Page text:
Chipotle shares a special place in the hearts of poor college students.  For only about $6, you can get something to eat that tastes great and is fresh.  Chipotle has turned this idea into a multi-million dollar business.

Why do some stores or brands fail and other succeed?

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Mainline Churches Deal with ‘No Shows’

A new report this week has left many mainline churches  scratching their heads and wondering why church attendance has dropped.  The four major mainline churches, the Episcopal Church in the USA, United Methodist Church, Presbyterian (PCUSA), and the Evangelical Lutheran Church of America (ELCA), have all experienced double digit drops in worship attendance.  What is even more puzzling is that the ELCA has seen an increase in giving in the last 10 years.

Churches increased attendance in the last decade but lost in attendance numbers in this decade. What gives?  The economy?

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World Communion & Mission Sunday

We have an incredible opportunity this Sunday to experience God in new ways at the First Baptist Church of Ballston Spa. This Sunday, October 3 is World Communion Sunday.  What is World Communion Sunday? The National Council of Church explains:

The day has taken on new relevancy and depth of meaning in a world where globalization often has undermined peace and justice – and in a time when fear divides the peoples of God’s earth. On this day we celebrate our oneness in Christ, the Prince of Peace, in the midst of the world we are called to serve – a world ever more in need of peacemaking.

Churches from every denomination are taking part in this celebration of oneness in Christ. At FBC, we do communion a little differently this Sunday. We have four stations for communion, representing the four corners of the world, and we invite worshipers to visit one or all of the stations. The communion bread consists of different ethnic breads from around the world.

In addition, we have a special quest preacher from the American Baptist Churches International Ministries:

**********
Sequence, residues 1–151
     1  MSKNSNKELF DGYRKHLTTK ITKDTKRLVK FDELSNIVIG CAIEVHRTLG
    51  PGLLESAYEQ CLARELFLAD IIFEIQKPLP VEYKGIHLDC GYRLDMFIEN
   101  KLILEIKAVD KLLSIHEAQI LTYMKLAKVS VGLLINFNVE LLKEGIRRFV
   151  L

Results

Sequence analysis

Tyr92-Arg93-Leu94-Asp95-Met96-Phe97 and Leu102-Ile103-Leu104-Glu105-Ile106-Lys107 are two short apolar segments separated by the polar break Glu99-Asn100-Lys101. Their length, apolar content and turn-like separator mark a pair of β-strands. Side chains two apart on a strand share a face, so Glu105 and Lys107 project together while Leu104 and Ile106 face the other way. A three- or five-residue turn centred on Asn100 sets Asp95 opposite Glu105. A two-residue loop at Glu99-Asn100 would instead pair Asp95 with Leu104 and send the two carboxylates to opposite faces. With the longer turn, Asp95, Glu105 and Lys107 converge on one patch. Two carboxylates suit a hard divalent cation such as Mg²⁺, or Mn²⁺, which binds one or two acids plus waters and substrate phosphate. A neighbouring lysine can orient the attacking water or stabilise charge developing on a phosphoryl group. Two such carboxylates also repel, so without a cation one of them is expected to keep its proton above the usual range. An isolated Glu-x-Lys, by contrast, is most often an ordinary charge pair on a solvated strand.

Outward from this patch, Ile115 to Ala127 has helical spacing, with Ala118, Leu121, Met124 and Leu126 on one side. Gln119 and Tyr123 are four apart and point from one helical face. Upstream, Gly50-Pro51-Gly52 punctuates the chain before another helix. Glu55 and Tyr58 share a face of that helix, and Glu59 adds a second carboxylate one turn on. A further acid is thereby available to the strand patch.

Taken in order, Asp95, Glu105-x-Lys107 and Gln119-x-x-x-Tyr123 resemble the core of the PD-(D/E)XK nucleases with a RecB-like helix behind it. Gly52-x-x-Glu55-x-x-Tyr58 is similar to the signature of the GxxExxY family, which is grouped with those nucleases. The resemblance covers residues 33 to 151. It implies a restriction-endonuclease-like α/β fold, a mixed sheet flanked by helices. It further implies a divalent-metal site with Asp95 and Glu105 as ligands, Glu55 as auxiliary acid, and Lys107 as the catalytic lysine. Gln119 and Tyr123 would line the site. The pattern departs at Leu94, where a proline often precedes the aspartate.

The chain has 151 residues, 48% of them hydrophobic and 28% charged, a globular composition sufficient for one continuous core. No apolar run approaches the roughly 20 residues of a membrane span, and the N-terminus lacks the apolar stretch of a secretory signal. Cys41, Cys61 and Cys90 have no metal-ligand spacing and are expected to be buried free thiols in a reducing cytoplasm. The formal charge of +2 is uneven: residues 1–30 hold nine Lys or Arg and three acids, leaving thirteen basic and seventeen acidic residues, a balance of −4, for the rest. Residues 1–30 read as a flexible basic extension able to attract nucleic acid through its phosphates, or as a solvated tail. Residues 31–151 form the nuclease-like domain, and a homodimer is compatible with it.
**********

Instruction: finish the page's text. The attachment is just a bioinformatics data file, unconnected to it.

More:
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Atheists Know More about Religion

In a recent Pew Religious study, atheists scored highest on a  survey asking basic questions regarding religion.  Even more surprising is the fact that some answered questions incorrectly when it came to facts about their own faith. The New York Times reports that on average respondents answered half of the questions incorrectly.

Atheists and agnostics scored the highest out of all respondents.  Jews and Mormons scored the highest out of all religious groups. White Protestant Christians scored in the middle range.

How could Atheists out score all other religious groups in this simple religious test?  It had to be the questions.  The questions were too hard, right?  Well, there were some basic questions like, “Where was Jesus born?” “Whose writings inspired the Protestant Reformation?” “Which Biblical figure led the exodus from Egypt?”  The respondents answered in multiple choice form.

What conclusion can we reach about this study?  Atheists know more about religion?

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A Theology For Planning

A plan for the future is always a challenge, especially when it deals with money. The former CEO, Alan Schwartz of defunct investment bank Bear Stearns was apparently delusional in March 2008 when he stated that things were going fine with the faltering investment bank:

Bear Stearns’s balance sheet, liquidity and capital remain strong… Our liquidity position has not changed at all, our balance sheet has not changed at all…

Less than two days after Schwartz spoke these words, Bear Stearns filed for bankruptcy.

How can someone be so off, delusional, and even dense?  No wonder nobody wants to trust governmental or business leaders these days.  With stuff like this going on, who wants to?  When things are going well or when things are going bad there has to be a plan for the future.

Many of us like to think we have a plan, but do we really have a sound plan for our futures? [Read more...]